There are a million different opinions on whether cardio or strength training should be done first during a workout session. And the short answer is, each offers their own advantages depending on your expected outcome. However, here at Holloway, we’d like to take a middle seat and explain the logic and science behind each side of this long debated question.
Define Your Goal
Just like any other goal in life, it’s important to establish a clear objective. Are you looking to gain heart health or massive muscle? Do you want to tone your arms and legs or lose excess body fat? Knowing exactly what you have in mind will help sculpt the perfect exercise program catered to what you and your body likes best. There is not one standard workout plan that works across the board. Everyone has different expectations and ideas of what a workout looks like.
Benefits: Strength Training First
Many people see the benefits of strength training first to be much higher. In fact, it’s the more agreed upon system.
When you’re weight training, your body requires glycogen stores. However, cardio requires even more glycogen stores. After you finish a cardio workout, you barely have any stores left, and your energy will be little to none. By strength training first, your body can better utilize the glycogen.
Another theory is that it’s much more difficult to gain muscle after a hard cardio session. Your body’s capability to build muscle, also known as protein synthesis, drops after a cardio session. This means that you won’t get nearly the results that you were looking for from the weights.
Strength training is all about pushing your body to its limits, and small gains have a lasting impact. When you begin your workout, your body is much more capable of providing the extra push that can benefit your strength training in the long run. If you wait until after cardio, many times you may feel drained, spent and no longer capable of those little victories.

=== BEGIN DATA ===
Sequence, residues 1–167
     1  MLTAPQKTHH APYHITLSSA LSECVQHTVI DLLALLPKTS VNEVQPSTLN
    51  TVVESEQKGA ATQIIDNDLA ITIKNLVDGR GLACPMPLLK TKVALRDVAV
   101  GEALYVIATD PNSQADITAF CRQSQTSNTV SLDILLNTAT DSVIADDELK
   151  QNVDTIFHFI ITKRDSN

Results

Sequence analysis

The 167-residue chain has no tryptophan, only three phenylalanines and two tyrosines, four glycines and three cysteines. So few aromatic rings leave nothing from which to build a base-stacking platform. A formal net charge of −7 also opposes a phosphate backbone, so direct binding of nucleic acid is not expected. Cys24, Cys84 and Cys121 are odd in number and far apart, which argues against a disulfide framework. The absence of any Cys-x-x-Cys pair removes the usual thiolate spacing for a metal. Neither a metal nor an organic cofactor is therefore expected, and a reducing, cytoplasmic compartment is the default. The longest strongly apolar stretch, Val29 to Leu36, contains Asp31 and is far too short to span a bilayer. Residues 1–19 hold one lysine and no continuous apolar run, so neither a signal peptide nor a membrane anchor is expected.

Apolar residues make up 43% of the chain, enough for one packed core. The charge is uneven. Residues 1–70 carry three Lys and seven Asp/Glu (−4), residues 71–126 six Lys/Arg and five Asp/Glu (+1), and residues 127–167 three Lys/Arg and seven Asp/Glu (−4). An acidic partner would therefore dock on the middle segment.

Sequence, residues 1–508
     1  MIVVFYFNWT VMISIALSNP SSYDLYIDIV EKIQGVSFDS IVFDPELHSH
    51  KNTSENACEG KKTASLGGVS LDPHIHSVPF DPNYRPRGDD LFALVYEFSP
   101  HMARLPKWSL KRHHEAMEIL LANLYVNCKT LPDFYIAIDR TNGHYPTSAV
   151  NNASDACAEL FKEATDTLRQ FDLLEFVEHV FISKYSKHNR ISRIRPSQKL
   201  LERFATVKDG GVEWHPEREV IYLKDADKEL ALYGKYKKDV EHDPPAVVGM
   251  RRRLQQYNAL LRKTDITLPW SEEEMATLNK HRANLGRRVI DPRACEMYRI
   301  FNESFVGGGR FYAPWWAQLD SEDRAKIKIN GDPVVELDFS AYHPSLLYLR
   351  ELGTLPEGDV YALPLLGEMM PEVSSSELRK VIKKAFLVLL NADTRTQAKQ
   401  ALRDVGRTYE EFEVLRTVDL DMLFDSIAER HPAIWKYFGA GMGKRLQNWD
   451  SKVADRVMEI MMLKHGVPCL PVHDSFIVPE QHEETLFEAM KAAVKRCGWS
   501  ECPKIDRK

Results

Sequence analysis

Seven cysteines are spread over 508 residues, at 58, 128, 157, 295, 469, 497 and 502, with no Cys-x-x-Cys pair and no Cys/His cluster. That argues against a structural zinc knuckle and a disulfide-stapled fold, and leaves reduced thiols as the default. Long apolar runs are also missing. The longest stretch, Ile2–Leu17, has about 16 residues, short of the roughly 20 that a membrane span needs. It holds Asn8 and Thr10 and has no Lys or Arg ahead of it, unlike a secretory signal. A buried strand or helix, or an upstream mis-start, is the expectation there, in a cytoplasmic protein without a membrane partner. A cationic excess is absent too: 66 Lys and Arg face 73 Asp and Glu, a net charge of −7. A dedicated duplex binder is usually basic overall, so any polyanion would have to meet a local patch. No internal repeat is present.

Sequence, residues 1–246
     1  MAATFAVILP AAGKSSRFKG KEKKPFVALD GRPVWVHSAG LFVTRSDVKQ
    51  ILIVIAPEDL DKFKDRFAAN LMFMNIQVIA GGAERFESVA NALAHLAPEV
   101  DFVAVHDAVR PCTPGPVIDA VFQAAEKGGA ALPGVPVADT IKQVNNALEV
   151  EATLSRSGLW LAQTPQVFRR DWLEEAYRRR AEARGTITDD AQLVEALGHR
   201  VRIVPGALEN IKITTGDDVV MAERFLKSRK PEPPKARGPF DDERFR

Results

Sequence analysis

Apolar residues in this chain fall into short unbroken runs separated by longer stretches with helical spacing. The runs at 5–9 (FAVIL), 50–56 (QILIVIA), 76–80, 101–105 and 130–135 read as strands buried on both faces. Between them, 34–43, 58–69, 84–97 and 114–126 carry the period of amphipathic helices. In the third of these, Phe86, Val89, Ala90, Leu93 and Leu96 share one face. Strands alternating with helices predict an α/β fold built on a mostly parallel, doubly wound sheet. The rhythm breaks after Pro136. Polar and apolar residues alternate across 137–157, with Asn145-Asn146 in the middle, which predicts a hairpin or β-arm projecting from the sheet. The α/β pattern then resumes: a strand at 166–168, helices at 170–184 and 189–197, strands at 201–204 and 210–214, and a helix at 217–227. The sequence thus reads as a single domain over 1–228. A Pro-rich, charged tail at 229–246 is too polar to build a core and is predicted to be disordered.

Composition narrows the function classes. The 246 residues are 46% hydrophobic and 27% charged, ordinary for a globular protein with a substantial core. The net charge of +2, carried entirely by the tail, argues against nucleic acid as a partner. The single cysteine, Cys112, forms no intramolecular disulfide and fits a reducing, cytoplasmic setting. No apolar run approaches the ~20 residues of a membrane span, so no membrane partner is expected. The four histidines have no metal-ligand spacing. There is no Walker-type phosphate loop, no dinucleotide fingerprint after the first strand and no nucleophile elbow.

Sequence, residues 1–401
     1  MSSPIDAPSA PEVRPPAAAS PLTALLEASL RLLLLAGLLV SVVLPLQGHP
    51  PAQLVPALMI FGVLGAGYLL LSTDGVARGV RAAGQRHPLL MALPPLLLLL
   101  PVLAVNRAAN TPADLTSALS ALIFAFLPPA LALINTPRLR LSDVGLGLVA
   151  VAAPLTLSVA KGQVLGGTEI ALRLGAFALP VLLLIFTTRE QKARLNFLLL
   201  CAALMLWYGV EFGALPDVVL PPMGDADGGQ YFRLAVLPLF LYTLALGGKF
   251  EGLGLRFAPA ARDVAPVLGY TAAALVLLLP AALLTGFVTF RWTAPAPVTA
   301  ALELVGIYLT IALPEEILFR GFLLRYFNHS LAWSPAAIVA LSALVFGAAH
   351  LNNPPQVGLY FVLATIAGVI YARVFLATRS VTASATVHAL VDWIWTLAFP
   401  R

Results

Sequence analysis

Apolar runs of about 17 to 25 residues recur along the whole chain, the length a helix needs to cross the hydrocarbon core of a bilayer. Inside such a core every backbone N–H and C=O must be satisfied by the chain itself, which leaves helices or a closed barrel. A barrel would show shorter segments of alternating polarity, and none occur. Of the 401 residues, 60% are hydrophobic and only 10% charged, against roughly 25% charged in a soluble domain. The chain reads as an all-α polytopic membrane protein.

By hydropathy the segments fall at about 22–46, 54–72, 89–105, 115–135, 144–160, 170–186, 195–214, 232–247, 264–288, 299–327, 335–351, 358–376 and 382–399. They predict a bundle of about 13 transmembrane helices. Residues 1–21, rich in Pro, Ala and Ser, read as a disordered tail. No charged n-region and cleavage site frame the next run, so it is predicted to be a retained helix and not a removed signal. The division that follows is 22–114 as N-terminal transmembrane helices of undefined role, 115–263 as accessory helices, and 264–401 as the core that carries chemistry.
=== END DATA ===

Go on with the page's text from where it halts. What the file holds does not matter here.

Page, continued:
Benefits: Cardio First
You may be thinking by now, when is it ever ok to do cardio before lifting? Let us explain. First, cardio may be more appropriate before lifting only in certain exercise programs. It’s effective for fat burn, and if that’s your goal, then you probably want to get the most results out of your cardio sessions.
Like we said, lifting exhausts your muscles. That could result in not being able to put nearly as much gusto into your cardio. This gives you the opposite result of what you desired; you’re building muscle mass but not shaving off those extra pounds you were hoping to.
Another vote for cardio first: For those looking to enhance their strength training, beginning with a brief bout of cardio gets your heart pumping which in turn gets your blood flowing. This additional blood flow makes its way into your muscles, increasing the effectiveness of each lift.
An Alternative Option
The conflict between cardio and strength training lies within your body’s energy stash. Because of this, some trainers choose to completely separate the two exercises altogether and alternate days of cardio and strength training. This time gap allows your body to refill its resources and perform to its maximum every day.
Another option is to allow one to be dominant during each workout. That way, you’re improving muscle memory by not skipping a strength training session. Alternatively, your heart is much happier when it gets to beat hard, even if only for a short period of time.
You Do You
When it comes down to it, nobody can tell you what your body can handle; you know yourself best. If you end a cardio session feeling utterly drained, maybe next time you should consider strength training first. However the biggest word of advice is to listen to your body and stay tuned to what is or isn’t working. As you begin to tailor your workout, check out our activewear that is just as versatile as your routine. Utilize these tips from Holloway and discover your workout’s full potential.